Blogging IP Legal
What to do when someone is ripping off your domain name?
February 20, 2015
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You’ve registered a domain name for your website, blog or company as you start the business. Now, you see that there is someone using your name or something similar in their own domain. Maybe they are reselling your products or trying to trade on your company’s goodwill.

What can you do about it?

There are a few ways to deal with this kind of trademark cybersquatting. Let’s look at them, along with the pros and cons of each.

Sending a Cease and Desist letter:

The first step in many legal disputes over intellectual property is to send a cease and desist letter. This letter outlines your rights as an IP owner and lets the other party know that they are infringing on those rights. The letter then asks that other party to stop their infringement. If they don’t, the letter will say, you will take further legal action.

These letters can often be very helpful in avoiding expensive lawsuits and other actions. Many times, the person who registered the domain doesn’t know that they are not allowed to do that. While ignorance of the law doesn’t make what they did right, shocking them with an official-looking letter threatening legal action can often get the point across for very little cost.

If they don’t respond or refuse to comply, there are generally two options to take after that.

The first step in many legal disputes over intellectual property is to send a cease and desist letter.

The Anti-Cybersquatting Consumer Protection Act:

The ACPA is a US federal law that gives trademark owners a way to sue people who register and use domains that are confusingly similar. Getting relief under this law requires a federal lawsuit to be filed against that person, however.

In order to win this ACPA lawsuit, the trademark owner has to prove that the other party has a domain that is confusingly similar to their existing trademark and that they have a “bad faith” intent to profit from this domain confusion. There’s a bunch of factors that they use to figure out whether or not bad faith is present.

These include:

  • whether or not there is an intent to divert consumers from the legit site,
  • whether the other party tried to sell the domain to the trademark owner, and
  • the fact that the infringer has multiple registrations of the same trademark, among others.

As with everything, there are good and bad aspects of bringing this kind of lawsuit.

Pros:

  • high potential for damages (up to $100,000 in statutory damages, for example)
  • possible award for attorneys’ fees
  • possible injunction to stop the other party from using the domain name

Cons:

  • the cost of a lawsuit in the US (hint: it ain’t cheap)
  • could take years to get a resolution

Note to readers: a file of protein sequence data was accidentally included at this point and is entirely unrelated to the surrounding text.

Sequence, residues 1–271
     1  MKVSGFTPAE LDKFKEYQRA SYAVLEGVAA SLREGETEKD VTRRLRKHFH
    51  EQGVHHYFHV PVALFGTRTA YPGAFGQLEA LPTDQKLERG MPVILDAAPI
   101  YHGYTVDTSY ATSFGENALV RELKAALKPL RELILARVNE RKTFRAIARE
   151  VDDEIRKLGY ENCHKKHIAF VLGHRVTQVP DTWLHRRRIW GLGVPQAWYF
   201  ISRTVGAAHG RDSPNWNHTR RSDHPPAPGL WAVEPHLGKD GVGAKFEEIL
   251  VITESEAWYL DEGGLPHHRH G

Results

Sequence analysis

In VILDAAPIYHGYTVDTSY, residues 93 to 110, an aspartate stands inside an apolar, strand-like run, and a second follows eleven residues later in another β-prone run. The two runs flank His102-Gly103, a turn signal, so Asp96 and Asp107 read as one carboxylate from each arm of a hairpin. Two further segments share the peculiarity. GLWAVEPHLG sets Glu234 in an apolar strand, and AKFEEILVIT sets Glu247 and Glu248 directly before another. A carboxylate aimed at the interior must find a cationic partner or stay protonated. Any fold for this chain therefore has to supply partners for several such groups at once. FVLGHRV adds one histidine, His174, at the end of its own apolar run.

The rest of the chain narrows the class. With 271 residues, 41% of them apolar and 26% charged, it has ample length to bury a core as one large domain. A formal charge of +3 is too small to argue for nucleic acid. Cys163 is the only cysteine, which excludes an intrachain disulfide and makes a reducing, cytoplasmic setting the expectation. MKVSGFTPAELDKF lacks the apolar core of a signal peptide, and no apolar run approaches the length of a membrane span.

• whether or not you or the other party are US citizens and under the jurisdiction of the ACPA

whether or not the infringer has any money to pay your damages and your legal fees after you win

If these considerations give you pause, there may be a better option.

Uniform Domain-Name Resolution Policy actions:

UDRP actions are an alternative way to resolve domain name disputes without going to the courts. They are run by ICANN, and don’t involve any kind of trial. There is simply the filing of a complaint and the other side’s response. The complaining party can then reply to that response.

That’s it.

A single arbitrator makes the decision, but the parties can get three arbitrators if they pay more.

The only remedy you can get is to have the domain name transferred to you. In many cases, though, this is all that is needed.

However, there aren’t any kind of money damages available in these actions. The only remedy you can get is to have the domain name transferred to you. In many cases, though, this is all that is needed.

Pros:

  • Simpler and faster process, often completed in just a few months, rather than years (as under the ACPA)
  • Much cheaper than a lawsuit
  • Doesn’t rely on the other party having money – you just get the domain name at the end

Cons:

  • No money damages or attorneys’ fees available if you win
  • You have to submit to jurisdiction in the place where the domain name registrar is located, both for this action and any future lawsuits
  • Relying on a single arbitrator (in most cases) to make the decision

Conclusion:

So, when someone is stealing your domain name or trading off your brand to make their own website, there are remedies. Which one you choose can depend on your budget, your location and how long you are willing to wait for relief. The initial cease and desist letter is usually a good idea, though.

photo credit: IMAG0648 and Array via photopin (license)

About author

Zachary Strebeck

I'm a solo practice lawyer and full-time digital nomad. I run my law practice at www.strebecklaw.com, representing Internet, mobile software and gaming entrepreneurs. I also blog about digital nomad travel at A Lawyer Abroad.

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